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Presented in partnership with Ping Chong + Company
After a successful run as a part of Movement ’63, 651 ARTS continues its partnership with Ping Chong + Company to present Brooklyn ’63 as part of BEATBrooklyn. Brooklyn ’63 is a theatrical performance that provides a lens into a time when the fabric of the Brooklyn community was being shaped by the radical social changes occurring throughout the nation. Ping Chong + Company used the Undesirable Elements process to give voice and help to excavate a forgotten history of community and social activism that crossed racial, religious and ethnic lines to bring about change to an increasingly diverse community, one striving to overcome decades of injustice and neglect.
The part of Elinor Barr will be read by her daughter, Rachel Barr.
BEATBrooklyn Opening Night
Thursday, September 12 | 7pm
Brooklyn Museum, 200 Eastern Parkway, Brooklyn, New York 11238
Tickets: FREE | RSVP required.
Click here to reserve your seat.
For one night only, the Brooklyn Museum becomes the “Brooklyn Museum of the Performing Arts.” Come meet the cast of Brooklyn ’63 and other artists participating in this year’s BEAT Festival performing throughout Brooklyn’s largest cultural institution.
Elinor Barr was born on July 24, 1931 in Crown Heights, Brooklyn. She attended Erasmus High School in 1944 and was expelled in 1947 for political activity related to free speech. She married Sherman Barr and worked for Brooklyn CORE for integration of the Construction Workers’ Union. She worked at Beachbrook Nursery, the first school to mainstream. She had three children: David, Daniel, and Rachel. Along with 25 other White families, Elinor started to bus her children to PS20, an all Black school at the time. For 40 years, she taught early childhood education at Kingsborough Community College. Her son contracted HIV and worked at the Gay Men’s Health Crisis. She worked on their hotline for 22 years. She was a member of Women Strike for Peace and Grandmothers for Peace.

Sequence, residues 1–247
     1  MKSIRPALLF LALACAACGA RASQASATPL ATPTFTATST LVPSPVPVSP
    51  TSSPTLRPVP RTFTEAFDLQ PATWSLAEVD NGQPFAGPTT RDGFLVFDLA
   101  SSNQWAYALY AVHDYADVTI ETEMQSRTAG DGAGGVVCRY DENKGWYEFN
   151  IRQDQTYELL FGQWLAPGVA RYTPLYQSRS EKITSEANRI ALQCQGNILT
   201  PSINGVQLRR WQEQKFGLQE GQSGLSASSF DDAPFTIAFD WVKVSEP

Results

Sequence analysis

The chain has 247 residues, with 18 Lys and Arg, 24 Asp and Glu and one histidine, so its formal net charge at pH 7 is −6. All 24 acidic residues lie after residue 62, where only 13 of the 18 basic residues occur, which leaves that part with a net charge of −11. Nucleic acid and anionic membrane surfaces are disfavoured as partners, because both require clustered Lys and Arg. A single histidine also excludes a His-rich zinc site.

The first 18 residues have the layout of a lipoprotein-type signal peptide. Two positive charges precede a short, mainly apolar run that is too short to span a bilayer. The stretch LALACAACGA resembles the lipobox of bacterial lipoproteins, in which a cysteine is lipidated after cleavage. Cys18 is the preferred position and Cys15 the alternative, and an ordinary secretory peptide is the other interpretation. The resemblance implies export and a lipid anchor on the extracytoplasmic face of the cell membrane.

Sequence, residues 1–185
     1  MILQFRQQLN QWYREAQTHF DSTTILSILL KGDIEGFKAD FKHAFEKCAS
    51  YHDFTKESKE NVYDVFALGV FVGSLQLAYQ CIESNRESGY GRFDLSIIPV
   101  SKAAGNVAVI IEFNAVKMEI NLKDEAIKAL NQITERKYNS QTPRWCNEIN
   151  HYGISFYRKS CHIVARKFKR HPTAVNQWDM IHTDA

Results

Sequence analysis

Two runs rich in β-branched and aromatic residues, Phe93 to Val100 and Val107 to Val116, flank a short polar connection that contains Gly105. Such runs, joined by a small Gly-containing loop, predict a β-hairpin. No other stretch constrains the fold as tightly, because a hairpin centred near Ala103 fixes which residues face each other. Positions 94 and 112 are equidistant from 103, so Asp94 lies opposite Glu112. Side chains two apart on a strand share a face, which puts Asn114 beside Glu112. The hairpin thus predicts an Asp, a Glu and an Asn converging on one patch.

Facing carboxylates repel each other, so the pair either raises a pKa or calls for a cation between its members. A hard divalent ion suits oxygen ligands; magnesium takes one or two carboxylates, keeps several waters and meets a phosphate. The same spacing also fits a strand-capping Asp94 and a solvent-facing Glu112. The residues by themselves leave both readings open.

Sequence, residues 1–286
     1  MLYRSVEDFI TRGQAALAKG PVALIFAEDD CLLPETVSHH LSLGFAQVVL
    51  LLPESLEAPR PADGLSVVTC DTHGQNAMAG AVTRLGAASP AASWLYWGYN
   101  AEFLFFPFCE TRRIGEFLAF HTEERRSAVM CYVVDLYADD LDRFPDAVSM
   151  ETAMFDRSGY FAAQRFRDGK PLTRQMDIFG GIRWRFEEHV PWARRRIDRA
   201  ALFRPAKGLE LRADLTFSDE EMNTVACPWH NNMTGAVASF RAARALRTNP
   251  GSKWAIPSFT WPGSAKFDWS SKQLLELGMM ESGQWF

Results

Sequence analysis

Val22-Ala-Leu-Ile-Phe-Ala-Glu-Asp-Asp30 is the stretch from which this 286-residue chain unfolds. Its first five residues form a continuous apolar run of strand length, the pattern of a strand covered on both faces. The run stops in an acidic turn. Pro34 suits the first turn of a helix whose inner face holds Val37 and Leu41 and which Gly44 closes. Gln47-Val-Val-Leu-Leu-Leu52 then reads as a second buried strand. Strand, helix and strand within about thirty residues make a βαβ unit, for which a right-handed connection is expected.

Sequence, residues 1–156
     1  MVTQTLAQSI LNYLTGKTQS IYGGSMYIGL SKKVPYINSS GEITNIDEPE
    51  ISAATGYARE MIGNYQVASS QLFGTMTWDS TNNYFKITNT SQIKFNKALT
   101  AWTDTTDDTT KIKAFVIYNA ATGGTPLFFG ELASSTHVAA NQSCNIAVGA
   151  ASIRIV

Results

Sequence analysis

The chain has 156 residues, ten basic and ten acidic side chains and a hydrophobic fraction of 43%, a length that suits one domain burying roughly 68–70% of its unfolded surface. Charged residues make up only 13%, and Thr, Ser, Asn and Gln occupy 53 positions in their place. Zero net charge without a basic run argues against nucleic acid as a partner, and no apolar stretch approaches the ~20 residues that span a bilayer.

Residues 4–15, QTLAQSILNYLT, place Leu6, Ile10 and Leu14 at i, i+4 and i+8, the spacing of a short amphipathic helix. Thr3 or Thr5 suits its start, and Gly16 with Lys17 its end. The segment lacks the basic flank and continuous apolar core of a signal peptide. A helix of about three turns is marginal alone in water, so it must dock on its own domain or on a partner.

Patrick Dougher is blessed to have been born and raised in Brooklyn. Patrick is an artist, musician, poet, educator, son, brother and father. He is a rebel with a cause who has devoted his life to love, truth, beauty and the ONE Creator of ALL. He would like to dedicate his participation in Brooklyn ‘63 to the beautiful woman warrior that is his Mother, the memory of his Father, his Children and all Brooklyn youth. Patrick would also like to dedicate his performance to the cast members of Brooklyn ‘63. It has been his honor to share the stage with these amazing souls. Peace and Blessing to All. ONE LOVE
Clyde D. Herring is a collage artist, quilter and vocalist. She recently retired from her position as an office manager at both the Baha’i International Community United Nations Office and the NYC Baha’i Center. She’s actively involved in her community as a mentor for the Mt. Vernon Ambassador youth group, where she creates projects that focus on community building. Ms. Herring currently lives in the city of Mt. Vernon, NY and is the mother of two adult children and two adorable granddaughters, Faith and Hope.
Stan Kinard, born and raised in Brooklyn, has consistently served his community as an activist and educator. A graduate of the UMass/Amherst, he was President of the African American Students Association and was instrumental in the establishment of one of the first departments of African American Studies in the country. He was Director of Brownsville Heritage House, founder of the Carter G. Woodson Cultural Literacy Project and is currently the Director of the CARE Center￼at Boys and Girls High School. Stan Kinard is an initiated priest of Obatala and a practitioner of African spiritual traditions for over two decades.
Lourdes Lebron is a grandmother of six children, a former family daycare owner of twenty-seven years, an active C.E.R.T. member (Community Emergency Response Team). In her spare time she enjoys spending time with her family, coming up with different creative projects, teaching others CPR and being an advocate for a quality education in all high schools. This is Lourdes’ first production and she is excited for everyone to see what everyone has been working on. She would like to thank everyone for supporting her on this new branch in her life.
Sam Pinn has maintained commitments in the struggle for social justice for African Americans along with steadfastness in the cultural promotion of jazz. He chairs the Fort Greene Council, a major human service organization and originated JAZZ966, a popular jazz venue. He’s Professor Emeritus of Social Science at Ramapo College; served as Chairman of Community School Board 16, Bed-Stuy; Co-founded Randolph Evans Scholarship Fund; Chaired Independent Brooklyn CORE; co-founded the National Black United Front. He’s married to Cynthia Doris Smith – sons Sam 3rd & Gregory - grandchildren Sydney Marie & Cameron Christopher Pinn.